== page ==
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The Digital Trade Protocol of the AfCFTA and Digitally-Driven Development in Africa


The Digital Trade Protocol of the AfCFTA and Digitally-Driven Development in Africa

The Digital Trade Protocol of the AfCFTA and Digitally-Driven Development in Africa

One of the important protocols forming part of the set of agreements within the African Continental Free Trade Area (AfCFTA) is the Digital Trade Protocol (‘the Protocol’). This protocol has the very important task of defining the desired digital environment for digital trade within Africa, and by implication, also has bearing on Africa’s digital trade with respect to the rest of the world. The Protocol aims to establish harmonised rules and common principles to enable and support digital trade across Africa. It focuses on promoting intra-African digital trade, enhancing cooperation on digital matters among State Parties, and creating a transparent, secure, and trusted digital trade ecosystem.

Key provisions of the Protocol include market access, treatment of digital products, facilitating digital trade, data governance, and consumer trust. It also emphasises digital inclusion, addressing the participation of underrepresented groups and MSMEs in digital trade, and outlines institutional arrangements and transparency requirements. Technical assistance, capacity building, and cooperation are highlighted to support implementation, with provisions for dispute settlement and periodic review to ensure relevance and effectiveness.

‘Digitally-driven development’ in the sense that it is used in the title to this blog refers to the potential to economically develop countries, primarily through industrial development (‘industrialisation’) that is driven by businesses able to access digital services inputs into their production and hire staff that are of sufficient skill levels to be able to utilise and leverage digital and technological tools.

In fact, the three most important areas in which governments and regulatory authorities can contribute to digitally-driven development and digital trade would be:

  • Creating supportive regulatory frameworks: Developing countries need to implement supportive regulatory frameworks that encourage digital trade while ensuring data protection, cybersecurity, and fair competition. Policies that promote digital literacy, support innovation, and facilitate access to secure fintech are critical for harnessing the full potential of the digital economy for industrialisation.

  • Enhancing internet accessibility: This refers to both the availability of the internet and the speed of access. The speed of access is very important – technology that uses ‘internet of things devices’ (IoT) requires very fast access (5G, fixed line fibre or satellite). Factories and production processes that use sensing technology – e.g., some types of agro-processing, electronics/batteries manufacture and some chemicals manufacturing – increasingly utilize IoT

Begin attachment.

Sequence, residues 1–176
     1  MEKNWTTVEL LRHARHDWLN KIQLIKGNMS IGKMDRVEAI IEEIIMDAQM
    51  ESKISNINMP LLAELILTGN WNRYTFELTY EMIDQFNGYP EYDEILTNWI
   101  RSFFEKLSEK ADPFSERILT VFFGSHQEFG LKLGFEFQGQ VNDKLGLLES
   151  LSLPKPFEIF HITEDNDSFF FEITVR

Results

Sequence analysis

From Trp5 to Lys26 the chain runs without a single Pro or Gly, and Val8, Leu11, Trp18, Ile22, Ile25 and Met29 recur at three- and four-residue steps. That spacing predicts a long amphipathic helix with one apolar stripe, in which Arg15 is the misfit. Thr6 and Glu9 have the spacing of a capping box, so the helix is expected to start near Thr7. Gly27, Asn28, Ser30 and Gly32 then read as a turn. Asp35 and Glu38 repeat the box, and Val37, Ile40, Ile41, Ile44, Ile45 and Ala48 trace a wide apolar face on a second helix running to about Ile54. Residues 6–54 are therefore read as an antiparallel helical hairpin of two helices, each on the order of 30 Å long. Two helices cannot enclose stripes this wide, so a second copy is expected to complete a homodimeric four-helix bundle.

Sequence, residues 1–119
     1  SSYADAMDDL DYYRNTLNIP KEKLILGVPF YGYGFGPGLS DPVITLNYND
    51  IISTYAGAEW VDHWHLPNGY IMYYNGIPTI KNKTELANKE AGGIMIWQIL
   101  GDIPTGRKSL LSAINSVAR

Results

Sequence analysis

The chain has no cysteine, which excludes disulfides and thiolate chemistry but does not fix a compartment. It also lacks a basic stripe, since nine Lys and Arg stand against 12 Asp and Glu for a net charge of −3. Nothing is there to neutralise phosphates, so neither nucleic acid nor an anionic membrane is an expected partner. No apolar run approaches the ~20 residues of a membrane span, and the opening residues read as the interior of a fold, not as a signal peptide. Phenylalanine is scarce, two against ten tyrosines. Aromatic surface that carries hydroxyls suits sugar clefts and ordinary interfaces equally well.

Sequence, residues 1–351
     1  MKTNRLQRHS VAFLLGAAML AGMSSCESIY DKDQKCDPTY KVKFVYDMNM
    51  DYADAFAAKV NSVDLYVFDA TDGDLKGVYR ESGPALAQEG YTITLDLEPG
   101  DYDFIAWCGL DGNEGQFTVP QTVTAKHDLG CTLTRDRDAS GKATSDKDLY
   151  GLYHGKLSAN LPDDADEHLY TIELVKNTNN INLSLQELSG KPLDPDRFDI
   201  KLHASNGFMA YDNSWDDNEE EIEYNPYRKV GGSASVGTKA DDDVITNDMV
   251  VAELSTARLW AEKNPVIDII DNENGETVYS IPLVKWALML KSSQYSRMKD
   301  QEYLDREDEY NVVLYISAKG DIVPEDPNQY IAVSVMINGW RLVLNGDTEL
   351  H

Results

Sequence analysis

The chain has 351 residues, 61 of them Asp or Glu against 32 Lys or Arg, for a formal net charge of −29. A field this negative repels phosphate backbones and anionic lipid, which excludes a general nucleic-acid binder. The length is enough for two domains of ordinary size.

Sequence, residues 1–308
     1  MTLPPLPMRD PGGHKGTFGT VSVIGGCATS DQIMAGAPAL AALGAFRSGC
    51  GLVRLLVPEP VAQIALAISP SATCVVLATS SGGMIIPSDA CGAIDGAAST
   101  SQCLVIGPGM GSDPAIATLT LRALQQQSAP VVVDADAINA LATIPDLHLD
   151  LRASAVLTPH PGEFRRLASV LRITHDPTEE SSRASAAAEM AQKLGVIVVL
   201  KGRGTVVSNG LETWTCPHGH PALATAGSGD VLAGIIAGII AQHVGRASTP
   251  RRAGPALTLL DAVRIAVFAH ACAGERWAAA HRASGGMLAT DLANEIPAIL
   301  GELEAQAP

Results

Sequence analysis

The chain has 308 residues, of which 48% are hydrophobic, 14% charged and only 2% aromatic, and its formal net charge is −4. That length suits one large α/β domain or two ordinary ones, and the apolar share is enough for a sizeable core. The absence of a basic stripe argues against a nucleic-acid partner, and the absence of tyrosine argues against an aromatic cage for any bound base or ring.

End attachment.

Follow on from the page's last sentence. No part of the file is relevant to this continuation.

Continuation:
Satellite internet services have strong potential here – these services can provide fast coverage to remote areas and this is especially important to Africa, with its large land mass and digitally-excluded rural areas. The installation of fixed-line connectivity in certain parts of Africa is prohibitively expensive currently, and satellite is the best alternative.

  • Ensuring that tax and customs duties do not create perverse incentives. When governments tax goods or services, they automatically disincentivise the consumption of those goods and services. Industries such as the clothing and textiles industry and some components of the agricultural industry face high tariffs and this is a strong disincentive to import these items versus buying local. Likewise, ‘sin taxes’ such as those implemented on alcohol and tobacco products discourage the consumption of those items with positive long-term outcomes for consumers and the economy. For the same reason, governments should be circumspect with imposing duties on imported digitally-delivered services (DDS), especially those that are inputs into digital development and digitally-driven industrialisation.

The Protocol certainly guarantees duty-free DDS within Africa; article 7 ensures this but makes the requirement subject to the satisfaction of rules of origin (ROO), which is generally the case for goods trade in a free trade area[1]. Furthermore, article 8 requires ‘national treatment’ or non-discrimination by State Parties between domestically-produced DDS and competing products from the rest of Africa. The Protocol therefore appears to apply a standard goods-trade approach for a free trade area (FTA) to the case of DDS in Africa.